When the polymerase chain reaction (PCR) was discovered nearly 35 years ago, it ushered in a revolution in biology. However, at the time of its discovery, few scientists or engineers foresaw how the technology would lead to another type of revolution in food safety. Today’s PCR has become highly automated, making it much easier for nonspecialists to operate the samples, handle the instruments, analyze data, and retrieve invaluable results. The machines themselves also have become more compact and cost-effective enough to be placed in most major food processing facilities and some retail locations, as well as third-party laboratories.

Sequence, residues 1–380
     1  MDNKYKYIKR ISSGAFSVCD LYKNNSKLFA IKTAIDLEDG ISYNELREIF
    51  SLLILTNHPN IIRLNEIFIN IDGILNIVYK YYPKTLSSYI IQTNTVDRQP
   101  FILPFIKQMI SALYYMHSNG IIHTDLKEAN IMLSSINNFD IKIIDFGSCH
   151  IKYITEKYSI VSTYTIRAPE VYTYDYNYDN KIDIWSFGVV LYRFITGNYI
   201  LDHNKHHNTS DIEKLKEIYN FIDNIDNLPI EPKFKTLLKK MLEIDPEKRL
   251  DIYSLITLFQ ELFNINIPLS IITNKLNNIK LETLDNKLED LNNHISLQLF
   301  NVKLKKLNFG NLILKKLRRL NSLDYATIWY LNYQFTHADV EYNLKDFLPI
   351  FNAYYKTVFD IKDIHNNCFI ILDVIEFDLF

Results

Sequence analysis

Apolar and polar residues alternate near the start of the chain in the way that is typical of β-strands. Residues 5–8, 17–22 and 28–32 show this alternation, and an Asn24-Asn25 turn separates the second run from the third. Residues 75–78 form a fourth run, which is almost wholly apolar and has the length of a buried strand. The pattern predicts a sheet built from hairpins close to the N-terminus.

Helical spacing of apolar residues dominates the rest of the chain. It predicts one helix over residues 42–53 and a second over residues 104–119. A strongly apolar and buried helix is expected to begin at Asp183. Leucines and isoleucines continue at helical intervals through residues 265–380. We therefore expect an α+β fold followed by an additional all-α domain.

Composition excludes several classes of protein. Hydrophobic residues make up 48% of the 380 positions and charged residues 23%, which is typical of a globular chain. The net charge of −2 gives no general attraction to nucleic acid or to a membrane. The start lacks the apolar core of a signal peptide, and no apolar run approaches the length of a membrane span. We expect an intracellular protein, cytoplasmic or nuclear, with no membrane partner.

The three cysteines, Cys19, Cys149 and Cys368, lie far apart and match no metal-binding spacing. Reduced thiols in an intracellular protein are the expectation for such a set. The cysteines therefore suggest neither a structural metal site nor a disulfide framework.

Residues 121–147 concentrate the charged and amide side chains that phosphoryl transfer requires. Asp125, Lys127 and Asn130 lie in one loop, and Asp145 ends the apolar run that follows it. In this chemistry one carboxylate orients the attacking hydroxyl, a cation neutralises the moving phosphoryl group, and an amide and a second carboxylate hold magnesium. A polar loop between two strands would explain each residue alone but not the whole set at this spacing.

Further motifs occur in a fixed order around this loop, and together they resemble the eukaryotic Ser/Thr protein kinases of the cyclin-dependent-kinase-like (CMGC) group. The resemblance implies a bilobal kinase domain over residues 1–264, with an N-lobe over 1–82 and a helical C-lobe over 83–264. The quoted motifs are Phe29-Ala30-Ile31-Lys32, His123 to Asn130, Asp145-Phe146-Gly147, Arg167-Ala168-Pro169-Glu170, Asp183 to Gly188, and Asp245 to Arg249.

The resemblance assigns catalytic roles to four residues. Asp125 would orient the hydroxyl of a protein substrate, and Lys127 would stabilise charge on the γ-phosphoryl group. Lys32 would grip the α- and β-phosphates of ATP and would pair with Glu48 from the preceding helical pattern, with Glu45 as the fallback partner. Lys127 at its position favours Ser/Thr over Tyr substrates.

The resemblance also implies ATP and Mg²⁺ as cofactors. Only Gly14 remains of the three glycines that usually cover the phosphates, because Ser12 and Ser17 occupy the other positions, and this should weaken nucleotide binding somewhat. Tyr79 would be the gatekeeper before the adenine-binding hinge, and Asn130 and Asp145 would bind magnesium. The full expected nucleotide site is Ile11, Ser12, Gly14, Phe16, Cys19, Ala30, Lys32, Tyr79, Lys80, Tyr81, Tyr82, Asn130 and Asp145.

A Hygiena white paper has been published in Rapid Microbiology that reviews how PCR works, describes how any PCR technique depends on high-quality assays, and shows how the technique has been adopted to search for E. coli, Campylobacter, Salmonella, Vibrio, and certain yeasts and molds.